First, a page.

Innovation and Entrepreneurship Day - Friday 18 October
The St Luke’s Anglican School annual Innovation and Entrepreneurship Day is approaching. On this day we celebrate the exciting innovations that students engage with throughout the year and promote pathways to entrepreneurship. There are two community events to which I would like to invite parents and friends of the School.
“The benefits of educating for entrepreneurship” is a Thursday evening session, presented by our guest entrepreneur, Navdeep Pasricha. From 6:00 pm - 7:30 pm on Thursday 17 October, Navdeep will discuss his own journey with entrepreneurship, including his ongoing work with the education sector. Navdeep started a community of 700 entrepreneurs and has presented to more than 20,000 people across 10 countries. He served as a member of the Queensland government’s Entrepreneurship Advisory body and was recognised as one of one of Queesland’s Digital Champions.
This session will be held in the Lecture Theatre and parents who would like to attend are asked to register using this link: Community Session - The benefits of educating for entrepreneurship
I would also like to invite parents and friends of the School to our networking breakfast, held from 7:30 am - 8:15 am on Friday 18 October in the Middle School building. In attendance at this breakfast will be members of the wider business community, particularly those involved in the Bundaberg start up scene, as well as students in our Conrad Spirit of Innovation teams as they prepare for the National finals at the Conrad Innovation Summit.
We would love you to join us for the morning. If you would like to attend, please book your free ticket by following this link: https://innovationentrepreneursbreakfast.eventbrite.com/
Monitoring Electronic Devices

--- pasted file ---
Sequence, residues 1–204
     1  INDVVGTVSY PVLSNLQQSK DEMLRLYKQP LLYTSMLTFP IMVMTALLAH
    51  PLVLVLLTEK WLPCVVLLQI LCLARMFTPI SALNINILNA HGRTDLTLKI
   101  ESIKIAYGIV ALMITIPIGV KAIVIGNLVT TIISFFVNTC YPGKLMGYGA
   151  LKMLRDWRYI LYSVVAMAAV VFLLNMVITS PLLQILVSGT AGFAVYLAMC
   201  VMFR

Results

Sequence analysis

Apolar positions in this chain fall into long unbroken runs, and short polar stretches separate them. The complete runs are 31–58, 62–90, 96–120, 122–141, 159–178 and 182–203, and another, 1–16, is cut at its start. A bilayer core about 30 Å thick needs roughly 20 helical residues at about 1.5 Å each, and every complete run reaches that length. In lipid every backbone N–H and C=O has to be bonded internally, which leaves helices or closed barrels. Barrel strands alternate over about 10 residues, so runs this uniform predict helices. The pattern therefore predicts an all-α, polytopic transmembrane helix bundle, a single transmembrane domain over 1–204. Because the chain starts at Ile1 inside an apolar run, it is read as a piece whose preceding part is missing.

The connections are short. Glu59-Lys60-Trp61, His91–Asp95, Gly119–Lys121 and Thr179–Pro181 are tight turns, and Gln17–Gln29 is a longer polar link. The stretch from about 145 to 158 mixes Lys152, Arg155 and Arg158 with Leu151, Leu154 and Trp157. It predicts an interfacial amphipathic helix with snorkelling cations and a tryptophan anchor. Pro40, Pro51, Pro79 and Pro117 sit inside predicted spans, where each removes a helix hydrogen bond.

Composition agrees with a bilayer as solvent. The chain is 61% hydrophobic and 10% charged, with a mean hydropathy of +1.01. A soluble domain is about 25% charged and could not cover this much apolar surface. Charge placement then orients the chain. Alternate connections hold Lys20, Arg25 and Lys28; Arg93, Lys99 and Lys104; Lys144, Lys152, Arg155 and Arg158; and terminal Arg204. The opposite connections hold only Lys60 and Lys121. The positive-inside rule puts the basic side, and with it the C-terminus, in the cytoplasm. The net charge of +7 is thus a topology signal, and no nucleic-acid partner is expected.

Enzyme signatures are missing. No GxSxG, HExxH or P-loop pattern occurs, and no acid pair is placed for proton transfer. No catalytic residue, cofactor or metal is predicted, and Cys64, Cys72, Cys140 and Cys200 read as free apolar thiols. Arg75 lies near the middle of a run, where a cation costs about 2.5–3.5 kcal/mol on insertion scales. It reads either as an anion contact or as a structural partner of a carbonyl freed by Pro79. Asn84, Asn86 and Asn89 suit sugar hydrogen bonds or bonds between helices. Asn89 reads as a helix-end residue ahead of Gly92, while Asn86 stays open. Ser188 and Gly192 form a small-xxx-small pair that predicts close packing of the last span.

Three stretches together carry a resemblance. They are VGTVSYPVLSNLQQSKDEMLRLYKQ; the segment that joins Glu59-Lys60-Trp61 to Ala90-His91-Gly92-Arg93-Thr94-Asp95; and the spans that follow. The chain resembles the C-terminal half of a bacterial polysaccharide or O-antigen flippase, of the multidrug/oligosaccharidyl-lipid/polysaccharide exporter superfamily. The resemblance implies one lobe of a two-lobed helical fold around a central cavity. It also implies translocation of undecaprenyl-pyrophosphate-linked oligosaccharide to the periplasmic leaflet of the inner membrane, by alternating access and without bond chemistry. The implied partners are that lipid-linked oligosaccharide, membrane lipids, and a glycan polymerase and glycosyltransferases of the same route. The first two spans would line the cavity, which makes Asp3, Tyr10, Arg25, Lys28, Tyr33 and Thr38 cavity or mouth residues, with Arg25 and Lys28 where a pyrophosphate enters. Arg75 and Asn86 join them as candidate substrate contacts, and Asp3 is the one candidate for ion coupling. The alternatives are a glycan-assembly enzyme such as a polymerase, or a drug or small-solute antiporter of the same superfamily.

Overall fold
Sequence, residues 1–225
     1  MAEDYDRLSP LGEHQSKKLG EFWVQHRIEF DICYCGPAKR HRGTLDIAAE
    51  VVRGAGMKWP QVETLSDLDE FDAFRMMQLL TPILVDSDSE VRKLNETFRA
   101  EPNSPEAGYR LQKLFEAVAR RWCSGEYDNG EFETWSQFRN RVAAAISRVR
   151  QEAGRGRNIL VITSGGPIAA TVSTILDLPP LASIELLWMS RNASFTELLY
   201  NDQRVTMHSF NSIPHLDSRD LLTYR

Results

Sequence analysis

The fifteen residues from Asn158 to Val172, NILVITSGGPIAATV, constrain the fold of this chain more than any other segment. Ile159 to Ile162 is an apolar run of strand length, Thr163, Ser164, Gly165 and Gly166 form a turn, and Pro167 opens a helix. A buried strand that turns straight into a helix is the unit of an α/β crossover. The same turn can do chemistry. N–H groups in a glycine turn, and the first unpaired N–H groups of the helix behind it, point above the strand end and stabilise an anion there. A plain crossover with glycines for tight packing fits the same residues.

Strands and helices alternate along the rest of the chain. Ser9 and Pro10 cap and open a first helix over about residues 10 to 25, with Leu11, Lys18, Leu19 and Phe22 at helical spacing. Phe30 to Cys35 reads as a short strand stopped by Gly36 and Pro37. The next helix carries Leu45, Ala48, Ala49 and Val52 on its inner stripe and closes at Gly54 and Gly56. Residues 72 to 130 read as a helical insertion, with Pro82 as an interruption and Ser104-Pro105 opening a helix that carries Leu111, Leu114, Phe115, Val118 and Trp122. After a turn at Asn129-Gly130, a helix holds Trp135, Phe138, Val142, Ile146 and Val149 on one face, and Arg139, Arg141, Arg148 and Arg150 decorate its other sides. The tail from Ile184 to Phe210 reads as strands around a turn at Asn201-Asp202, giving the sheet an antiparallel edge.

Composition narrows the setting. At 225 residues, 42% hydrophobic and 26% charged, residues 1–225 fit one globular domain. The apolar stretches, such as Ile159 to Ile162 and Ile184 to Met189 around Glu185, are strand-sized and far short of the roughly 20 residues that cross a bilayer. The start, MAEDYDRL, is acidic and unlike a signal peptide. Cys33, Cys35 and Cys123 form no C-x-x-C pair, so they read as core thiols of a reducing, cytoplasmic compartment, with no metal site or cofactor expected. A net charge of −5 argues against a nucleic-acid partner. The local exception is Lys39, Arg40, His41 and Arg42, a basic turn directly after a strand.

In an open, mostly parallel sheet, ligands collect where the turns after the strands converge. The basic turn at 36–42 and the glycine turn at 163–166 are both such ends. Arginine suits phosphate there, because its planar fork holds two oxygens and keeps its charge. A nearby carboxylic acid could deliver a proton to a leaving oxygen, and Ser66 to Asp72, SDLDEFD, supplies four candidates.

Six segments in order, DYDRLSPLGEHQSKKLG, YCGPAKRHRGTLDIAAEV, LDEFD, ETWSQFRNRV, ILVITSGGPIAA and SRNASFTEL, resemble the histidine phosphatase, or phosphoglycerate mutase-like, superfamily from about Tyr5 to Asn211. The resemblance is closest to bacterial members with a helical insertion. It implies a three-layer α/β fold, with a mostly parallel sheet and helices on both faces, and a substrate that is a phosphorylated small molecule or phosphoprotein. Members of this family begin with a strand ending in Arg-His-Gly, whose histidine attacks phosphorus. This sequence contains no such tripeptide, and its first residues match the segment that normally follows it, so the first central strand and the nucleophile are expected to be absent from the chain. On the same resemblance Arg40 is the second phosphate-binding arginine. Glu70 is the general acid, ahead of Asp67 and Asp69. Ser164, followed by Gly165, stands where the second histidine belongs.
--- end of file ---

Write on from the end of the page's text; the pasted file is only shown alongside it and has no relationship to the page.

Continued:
The School puts a lot of time and effort into making sure students are using their electronic devices responsibly during school hours. Occasionally parents request information about the monitoring of these devices at home. There are a number of aspects to consider about this and, generally, they all result in a trade off between ease of use and preventing unwanted behaviour.
While at school, and accessing the School network, students are protected from potentially harmful internet access by the School’s physical and software-based security systems. These systems prevent students from accessing pornography, violence, suspicious websites and illegal downloads. Furthermore, interactions using school-provided communication applications (email, chat) can be retrieved so that appropriate digital behaviour can be addressed through Pastoral Care and the School’s Behaviour Management processes. Beyond these mechanisms, the School promotes responsible use of electronic devices rather than blocking everything.
As a BYOD school, St Luke’s does not have the authority to install monitoring software on student-owned devices. Even if the School had the ability to install such software, parents across the School have different philosophies on digital interactions and thresholds for what they allow their children to do. As such, for parents who choose to limit their children’s devices more than what is described above, it is necessary for them to install monitoring software on their children’s devices.
Mobile phones often pose a bigger risk than a tablet or laptop, because they provide unfiltered, high speed connections to the internet. Recently the change to the mobile phone policy to combat this risk after consultation with the school community. As the policy allows students to bring mobile phones to school, but not access them during school hours without explicit permission from a teacher, it is important that parents are aware that the School cannot restrict mobile phones connections in any way. Concerned parents who opt to install monitoring software on their children’s devices should look for the products that also protect mobile phones.
Head of Learning & Innovation
St Luke's Anglican School